North America 
  • Few migraine medications for adults are effective in children
    Data from 21 trials of migraine drugs for adults showed that only topiramate and trazodone significantly reduced the frequency of headaches among children and teens who experience regular migraines. Placebos alone yielded good outcomes in children, effectively reducing headaches per month from between five to six to just three, researchers reported in the journal JAMA Pediatrics. Reuters (1/28) LinkedInFacebookTwitterEmail this Story
  • Statins linked with lower mortality risk in study of liver cancer
    Patients with hepatocellular carcinoma who took statins, in combination with local and systemic treatments or surgical resection, had a 30% lower risk of death than non-statin users. Statin users lived for an average of 25.4 months compared with 18.5 for non-users, researchers said. The retrospective, nonrandomized study, which involved 644 patients, was presented at the Gastrointestinal Cancers Symposium. MedPage Today (free registration) (1/27) LinkedInFacebookTwitterEmail this Story
  Global 
  • Indian drugmakers filed most DMFs in 2012
    Drugmakers from India submitted more drug master files with the FDA than companies from any other nation. The files are required for the third-party sale of drug ingredients in the U.S. Indian drugmakers filed 70 DMFs out of a total 143 in one quarter. Sun Pharmaceutical Industries, Lupin Pharmaceuticals and Dr. Reddy's Laboratories were among the top filers for the year. Business Standard (India) (1/30) LinkedInFacebookTwitterEmail this Story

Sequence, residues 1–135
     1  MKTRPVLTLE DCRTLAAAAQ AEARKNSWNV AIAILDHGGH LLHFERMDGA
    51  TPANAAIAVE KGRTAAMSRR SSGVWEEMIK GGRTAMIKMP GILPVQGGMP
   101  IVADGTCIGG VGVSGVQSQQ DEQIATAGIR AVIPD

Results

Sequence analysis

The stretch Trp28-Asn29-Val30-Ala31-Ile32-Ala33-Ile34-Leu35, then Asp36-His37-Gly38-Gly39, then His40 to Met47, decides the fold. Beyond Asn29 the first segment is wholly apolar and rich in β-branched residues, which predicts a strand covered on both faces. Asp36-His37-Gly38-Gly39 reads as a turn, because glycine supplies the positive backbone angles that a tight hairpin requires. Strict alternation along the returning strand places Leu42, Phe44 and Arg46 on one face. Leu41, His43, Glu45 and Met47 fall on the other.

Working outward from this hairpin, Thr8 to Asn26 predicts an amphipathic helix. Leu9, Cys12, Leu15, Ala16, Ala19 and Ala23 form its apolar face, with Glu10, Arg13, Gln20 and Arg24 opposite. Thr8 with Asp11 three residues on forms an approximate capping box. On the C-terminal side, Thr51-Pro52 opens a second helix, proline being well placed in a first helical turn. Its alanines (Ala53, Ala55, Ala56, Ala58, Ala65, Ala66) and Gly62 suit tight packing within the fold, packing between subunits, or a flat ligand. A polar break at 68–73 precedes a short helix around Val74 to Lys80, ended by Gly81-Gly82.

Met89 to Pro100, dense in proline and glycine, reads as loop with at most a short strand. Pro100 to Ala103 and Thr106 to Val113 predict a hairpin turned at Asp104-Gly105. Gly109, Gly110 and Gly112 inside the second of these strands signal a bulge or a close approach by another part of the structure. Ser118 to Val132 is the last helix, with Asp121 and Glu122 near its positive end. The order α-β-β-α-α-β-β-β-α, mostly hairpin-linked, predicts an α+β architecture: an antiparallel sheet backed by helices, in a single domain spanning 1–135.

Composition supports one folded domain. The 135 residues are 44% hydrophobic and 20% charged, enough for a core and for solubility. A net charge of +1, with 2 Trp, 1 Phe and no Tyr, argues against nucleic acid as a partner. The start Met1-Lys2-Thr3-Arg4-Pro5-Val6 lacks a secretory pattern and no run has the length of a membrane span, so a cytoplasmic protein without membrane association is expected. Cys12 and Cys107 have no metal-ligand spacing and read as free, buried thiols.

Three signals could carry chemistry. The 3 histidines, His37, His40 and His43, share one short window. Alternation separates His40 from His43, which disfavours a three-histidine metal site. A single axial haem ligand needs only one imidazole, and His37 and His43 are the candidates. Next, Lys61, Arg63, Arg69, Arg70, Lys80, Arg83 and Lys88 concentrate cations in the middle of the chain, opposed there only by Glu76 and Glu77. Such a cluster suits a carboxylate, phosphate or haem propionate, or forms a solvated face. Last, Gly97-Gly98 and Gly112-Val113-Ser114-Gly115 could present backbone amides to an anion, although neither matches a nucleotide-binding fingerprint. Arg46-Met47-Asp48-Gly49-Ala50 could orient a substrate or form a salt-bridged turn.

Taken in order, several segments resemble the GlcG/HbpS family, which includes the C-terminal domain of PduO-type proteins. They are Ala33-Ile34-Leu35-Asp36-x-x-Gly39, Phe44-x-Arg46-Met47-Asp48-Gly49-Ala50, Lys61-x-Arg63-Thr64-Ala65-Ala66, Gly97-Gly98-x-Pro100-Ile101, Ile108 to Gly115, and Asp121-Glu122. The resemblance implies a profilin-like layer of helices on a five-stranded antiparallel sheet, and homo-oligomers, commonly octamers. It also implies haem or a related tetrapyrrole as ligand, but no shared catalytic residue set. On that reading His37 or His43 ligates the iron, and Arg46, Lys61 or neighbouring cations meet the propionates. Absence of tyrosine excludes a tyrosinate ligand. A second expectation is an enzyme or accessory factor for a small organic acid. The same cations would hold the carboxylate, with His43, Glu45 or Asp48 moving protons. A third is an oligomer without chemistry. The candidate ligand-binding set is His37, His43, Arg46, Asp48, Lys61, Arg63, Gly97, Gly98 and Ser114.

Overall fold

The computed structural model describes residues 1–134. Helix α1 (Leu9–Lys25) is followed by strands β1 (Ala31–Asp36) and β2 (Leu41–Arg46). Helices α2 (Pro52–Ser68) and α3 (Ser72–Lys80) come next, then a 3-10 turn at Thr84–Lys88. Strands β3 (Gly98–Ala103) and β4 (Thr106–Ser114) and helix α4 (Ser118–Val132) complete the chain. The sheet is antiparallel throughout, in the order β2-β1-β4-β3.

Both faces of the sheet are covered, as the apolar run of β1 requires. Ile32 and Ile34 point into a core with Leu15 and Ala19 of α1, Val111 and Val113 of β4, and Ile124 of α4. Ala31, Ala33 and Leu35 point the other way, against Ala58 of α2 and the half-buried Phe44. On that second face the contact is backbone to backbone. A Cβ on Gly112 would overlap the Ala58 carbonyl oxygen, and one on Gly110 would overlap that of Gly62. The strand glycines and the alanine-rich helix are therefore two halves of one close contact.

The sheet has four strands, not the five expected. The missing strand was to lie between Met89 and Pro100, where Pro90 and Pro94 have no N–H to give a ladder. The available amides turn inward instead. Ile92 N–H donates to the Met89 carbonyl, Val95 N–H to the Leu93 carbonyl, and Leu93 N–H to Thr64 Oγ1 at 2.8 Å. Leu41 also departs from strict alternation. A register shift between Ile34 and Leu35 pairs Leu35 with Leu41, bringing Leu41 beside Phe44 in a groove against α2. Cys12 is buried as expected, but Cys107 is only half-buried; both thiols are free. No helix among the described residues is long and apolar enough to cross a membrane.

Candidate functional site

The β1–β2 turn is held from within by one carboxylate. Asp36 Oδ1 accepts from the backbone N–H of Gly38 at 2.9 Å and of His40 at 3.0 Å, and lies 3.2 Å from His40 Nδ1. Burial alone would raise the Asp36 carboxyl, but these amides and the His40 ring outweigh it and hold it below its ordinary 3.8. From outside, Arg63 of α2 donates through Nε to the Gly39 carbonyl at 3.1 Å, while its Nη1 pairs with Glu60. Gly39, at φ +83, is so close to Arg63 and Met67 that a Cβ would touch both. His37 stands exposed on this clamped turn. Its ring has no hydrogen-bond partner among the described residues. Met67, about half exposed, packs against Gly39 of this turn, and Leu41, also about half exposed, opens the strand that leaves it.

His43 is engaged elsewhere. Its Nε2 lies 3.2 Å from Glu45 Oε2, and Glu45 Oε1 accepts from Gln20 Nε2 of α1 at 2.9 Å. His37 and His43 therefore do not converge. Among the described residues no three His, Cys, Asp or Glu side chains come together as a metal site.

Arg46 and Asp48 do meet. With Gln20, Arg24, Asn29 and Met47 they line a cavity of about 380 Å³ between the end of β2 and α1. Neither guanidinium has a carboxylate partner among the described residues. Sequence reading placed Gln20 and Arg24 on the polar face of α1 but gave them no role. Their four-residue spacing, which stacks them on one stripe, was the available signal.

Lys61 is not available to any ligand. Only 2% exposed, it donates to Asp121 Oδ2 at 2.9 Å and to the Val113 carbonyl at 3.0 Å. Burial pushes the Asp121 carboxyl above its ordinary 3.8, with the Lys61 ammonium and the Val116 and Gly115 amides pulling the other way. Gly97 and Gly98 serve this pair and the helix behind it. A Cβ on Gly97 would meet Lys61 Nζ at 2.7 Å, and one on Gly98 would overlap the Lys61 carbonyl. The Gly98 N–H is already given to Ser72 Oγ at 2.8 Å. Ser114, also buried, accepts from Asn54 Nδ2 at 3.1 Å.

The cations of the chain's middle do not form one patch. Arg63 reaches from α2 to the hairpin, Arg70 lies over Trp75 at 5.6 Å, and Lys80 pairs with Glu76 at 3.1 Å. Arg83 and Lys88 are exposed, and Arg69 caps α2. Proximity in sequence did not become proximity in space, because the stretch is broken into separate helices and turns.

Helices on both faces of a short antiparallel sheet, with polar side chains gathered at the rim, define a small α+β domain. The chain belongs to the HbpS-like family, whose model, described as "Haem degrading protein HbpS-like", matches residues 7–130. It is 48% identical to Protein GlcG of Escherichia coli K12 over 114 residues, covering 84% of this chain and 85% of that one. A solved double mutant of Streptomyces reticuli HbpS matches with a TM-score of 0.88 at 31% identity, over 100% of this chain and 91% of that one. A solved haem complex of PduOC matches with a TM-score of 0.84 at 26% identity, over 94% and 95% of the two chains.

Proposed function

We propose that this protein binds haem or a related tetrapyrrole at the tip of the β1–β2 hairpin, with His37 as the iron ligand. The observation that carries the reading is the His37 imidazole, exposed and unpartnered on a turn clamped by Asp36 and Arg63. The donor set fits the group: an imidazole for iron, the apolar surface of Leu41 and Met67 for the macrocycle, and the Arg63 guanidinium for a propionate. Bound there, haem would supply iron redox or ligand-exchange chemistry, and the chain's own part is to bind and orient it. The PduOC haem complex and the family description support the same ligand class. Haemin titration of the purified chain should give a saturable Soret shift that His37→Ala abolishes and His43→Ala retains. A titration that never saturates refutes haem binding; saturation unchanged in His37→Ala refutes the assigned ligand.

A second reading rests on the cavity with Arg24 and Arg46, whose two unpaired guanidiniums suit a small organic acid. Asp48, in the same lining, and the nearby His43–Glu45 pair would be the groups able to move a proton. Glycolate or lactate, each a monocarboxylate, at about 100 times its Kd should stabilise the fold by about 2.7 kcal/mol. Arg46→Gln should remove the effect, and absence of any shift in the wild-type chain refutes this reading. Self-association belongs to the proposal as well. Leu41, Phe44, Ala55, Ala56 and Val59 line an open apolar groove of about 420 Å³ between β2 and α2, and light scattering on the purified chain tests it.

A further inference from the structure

DIA News 
  • Worldwide collaboration at China Annual Meeting
    Patient safety and managing risk will be the top themes for discussion as pharmaceutical and health care professionals from around the world meet for the 5th DIA China Annual Meeting 2013. The conference, to be held at the Beijing International Convention Center from May 12-15, brings together professionals within a neutral global platform to share knowledge. Find out more. LinkedInFacebookTwitterEmail this Story
  • Wayne L. Pines on the latest in pharmaceutical marketing
      
    It’s not getting any easier to comply with all the regulatory and legal requirements that apply to marketing pharmaceuticals and medical devices. Wayne L. Pines, president, regulatory services and healthcare at APCO Worldwide, Inc., highlights key recent FDA enforcement actions to be discussed at the Marketing Pharmaceuticals Workshop next month: “The recent letters that OPDP issued regarding press materials are certain to be of great interest. In particular, the letter that dealt with a ‘pitch’ letter was very interesting and should engender questions.” Read more.

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  SmartQuote 
Resentment is like taking poison and waiting for the other person to die."
--Malachy McCourt,
Irish-American actor, writer and politician